48 Wn.2d 378, EVERETT HUTTNER et al., Appellants, v. HUNTER J. MACKAY et al., Respondents

[No. 33435. Department One.      Supreme Court      February 23, 1956.]

EVERETT HUTTNER et al., Appellants, v. HUNTER J. MACKAY
                    et al., Respondents.1

[1] TRIAL - TAKING CASE FROM JURY - SUFFICIENCY OF EVIDENCE. In cases tried to a jury, a challenge to the sufficiency of the evidence admits the truth of the opposing party's evidence and all inferences that reasonably can be drawn therefrom, and requires that the evidence be interpreted most strongly against the moving party and in the light most favorable to the opposing party.

[2] PHYSICIANS AND SURGEONS - LIABILITY FOR MALPRACTICE - DEGREE OF CARE AND SKILL REQUIRED. A physician or surgeon is negligent only if he fails to exercise that degree of care, diligence, and skill which is ordinarily possessed and exercised by members of the medical profession in the same or a similar locality.

[3] SAME - ACTION FOR MALPRACTICE - EVIDENCE REQUIRED - MEDICAL TESTIMONY. The evidence tending to establish that a physician has been negligent in failing to exercise the requisite degree of care must be based upon medical testimony.

[4] SAME-NONMEDICAL TESTIMONY. The rule that medical testimony is required to establish that a physician has been negligent is subject to exception when the negligence is so grossly apparent that a layman would have no difficulty in recognizing it.

[5] SAME - ACTS CONSTITUTING NEGLIGENCE - WRONG DIAGNOSIS. A wrong diagnosis by a physician is not actionable unless it was the result of negligence and was followed by improper treatment to the injury of the patient.

[6] SAME - ACTIONS FOR MALPRACTICE - EVIDENCE - SUFFICIENCY - DIAGNOSIS. In an action against a surgeon for malpractice in connection with an operation to remove a brain tumor, actionable negligence with reference to the diagnosis was not proved; it appearing that the defendant's diagnosis was correct in that, at the time he operated, the plaintiff had a brain tumor, and that, although the defendant, in accordance with the standard of neurosurgery in the community, should have taken further X rays to confirm his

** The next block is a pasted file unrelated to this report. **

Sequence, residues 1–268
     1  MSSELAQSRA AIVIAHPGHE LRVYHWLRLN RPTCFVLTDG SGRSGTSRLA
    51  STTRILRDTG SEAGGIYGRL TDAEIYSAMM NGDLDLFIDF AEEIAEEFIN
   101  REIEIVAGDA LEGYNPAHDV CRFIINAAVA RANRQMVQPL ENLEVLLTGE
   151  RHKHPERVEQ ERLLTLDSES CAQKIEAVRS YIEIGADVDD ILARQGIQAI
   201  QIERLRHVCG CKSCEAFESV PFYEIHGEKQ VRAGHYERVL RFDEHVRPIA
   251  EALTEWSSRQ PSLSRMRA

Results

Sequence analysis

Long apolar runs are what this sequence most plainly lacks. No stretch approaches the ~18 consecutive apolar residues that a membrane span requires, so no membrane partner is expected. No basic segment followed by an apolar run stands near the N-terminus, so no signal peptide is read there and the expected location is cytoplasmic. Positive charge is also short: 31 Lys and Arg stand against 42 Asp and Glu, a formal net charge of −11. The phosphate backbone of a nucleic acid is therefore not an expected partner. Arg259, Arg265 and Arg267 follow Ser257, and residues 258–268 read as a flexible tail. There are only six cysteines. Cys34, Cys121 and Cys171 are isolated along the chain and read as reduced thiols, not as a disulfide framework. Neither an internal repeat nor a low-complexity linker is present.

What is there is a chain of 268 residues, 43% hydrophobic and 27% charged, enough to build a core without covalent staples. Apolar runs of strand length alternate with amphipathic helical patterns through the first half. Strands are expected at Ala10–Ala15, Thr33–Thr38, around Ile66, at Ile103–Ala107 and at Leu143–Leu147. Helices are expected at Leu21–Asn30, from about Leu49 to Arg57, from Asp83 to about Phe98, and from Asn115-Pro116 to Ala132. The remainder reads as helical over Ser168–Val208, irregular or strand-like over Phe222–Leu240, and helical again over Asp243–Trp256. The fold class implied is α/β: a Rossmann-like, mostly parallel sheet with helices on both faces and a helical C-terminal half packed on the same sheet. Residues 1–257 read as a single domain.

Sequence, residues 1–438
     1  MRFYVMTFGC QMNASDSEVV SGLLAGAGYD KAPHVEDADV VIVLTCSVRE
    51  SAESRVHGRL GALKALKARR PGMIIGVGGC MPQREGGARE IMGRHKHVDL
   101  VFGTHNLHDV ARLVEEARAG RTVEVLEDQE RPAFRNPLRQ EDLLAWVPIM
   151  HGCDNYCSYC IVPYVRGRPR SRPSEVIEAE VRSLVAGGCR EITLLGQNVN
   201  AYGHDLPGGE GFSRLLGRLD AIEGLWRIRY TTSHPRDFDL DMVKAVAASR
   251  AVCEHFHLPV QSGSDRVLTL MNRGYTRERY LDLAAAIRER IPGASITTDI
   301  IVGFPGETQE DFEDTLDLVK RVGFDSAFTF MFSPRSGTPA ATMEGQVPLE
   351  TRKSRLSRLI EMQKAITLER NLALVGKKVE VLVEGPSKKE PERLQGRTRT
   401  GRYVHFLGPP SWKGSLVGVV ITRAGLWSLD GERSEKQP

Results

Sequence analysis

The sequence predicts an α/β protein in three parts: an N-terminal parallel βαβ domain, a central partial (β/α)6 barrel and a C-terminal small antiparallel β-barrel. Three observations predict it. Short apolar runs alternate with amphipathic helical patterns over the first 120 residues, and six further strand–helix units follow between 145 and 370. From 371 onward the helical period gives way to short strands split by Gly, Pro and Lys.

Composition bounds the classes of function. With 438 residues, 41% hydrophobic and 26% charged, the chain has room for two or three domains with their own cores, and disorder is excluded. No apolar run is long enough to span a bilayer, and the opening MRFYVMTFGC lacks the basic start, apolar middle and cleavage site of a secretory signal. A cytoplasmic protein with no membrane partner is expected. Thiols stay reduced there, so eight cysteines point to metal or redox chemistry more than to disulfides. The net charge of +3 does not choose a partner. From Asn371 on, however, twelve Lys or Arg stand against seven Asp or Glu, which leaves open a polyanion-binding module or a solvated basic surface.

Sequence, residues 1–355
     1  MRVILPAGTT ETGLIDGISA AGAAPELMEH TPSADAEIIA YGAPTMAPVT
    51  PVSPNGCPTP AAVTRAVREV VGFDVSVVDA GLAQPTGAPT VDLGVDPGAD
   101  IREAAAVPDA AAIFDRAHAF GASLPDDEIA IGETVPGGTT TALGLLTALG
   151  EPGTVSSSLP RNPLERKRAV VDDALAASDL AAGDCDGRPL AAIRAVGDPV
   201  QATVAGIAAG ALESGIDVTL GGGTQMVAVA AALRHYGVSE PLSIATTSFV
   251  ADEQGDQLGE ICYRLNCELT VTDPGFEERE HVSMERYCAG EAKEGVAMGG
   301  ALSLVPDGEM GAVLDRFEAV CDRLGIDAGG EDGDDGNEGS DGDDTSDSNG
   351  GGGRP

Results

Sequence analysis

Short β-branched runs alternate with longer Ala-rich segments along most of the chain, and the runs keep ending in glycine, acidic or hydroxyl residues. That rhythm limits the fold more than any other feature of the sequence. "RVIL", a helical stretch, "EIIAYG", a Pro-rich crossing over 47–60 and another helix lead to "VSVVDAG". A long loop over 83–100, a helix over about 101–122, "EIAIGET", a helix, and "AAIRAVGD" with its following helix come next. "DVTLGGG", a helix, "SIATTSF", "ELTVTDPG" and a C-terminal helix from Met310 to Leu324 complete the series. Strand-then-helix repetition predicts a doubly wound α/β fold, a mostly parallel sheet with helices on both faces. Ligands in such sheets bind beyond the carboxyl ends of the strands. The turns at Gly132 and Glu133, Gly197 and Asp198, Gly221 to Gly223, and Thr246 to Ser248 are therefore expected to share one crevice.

1 Reported in 293 P. (2d) 766.

[2] See 59 A. L. R. 1071; 41 Am. Jur. 82.

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tentative clinical diagnosis, there is no medical testimony establishing that, had he made further tests, he would have been able to locate the tumor more specifically than he had when he operated.

[7] SAME - EVIDENCE REQUIRED - MEDICAL TESTIMONY - BRAIN SURGERY. Brain surgery is an intricate and complicated process, and medical testimony is necessary to establish a departure from the accepted practice in such operations.

[8] SAME - EVIDENCE - SUFFICIENCY - METHOD OF OPERATION. In an action against a surgeon for malpractice in connection with an operation to remove a brain tumor, negligence was not established with regard to the defendant's method of operation; there being no testimony that such method was not accepted practice among neurosurgeons in the community nor any testimony that the operation was not properly performed.

[9] SAME - EVIDENCE REQUIRED - MEDICAL TESTIMONY - POSTOPERATIVE CARE. What constitutes proper care of a patient after a neurosurgical operation must be established by medical testimony.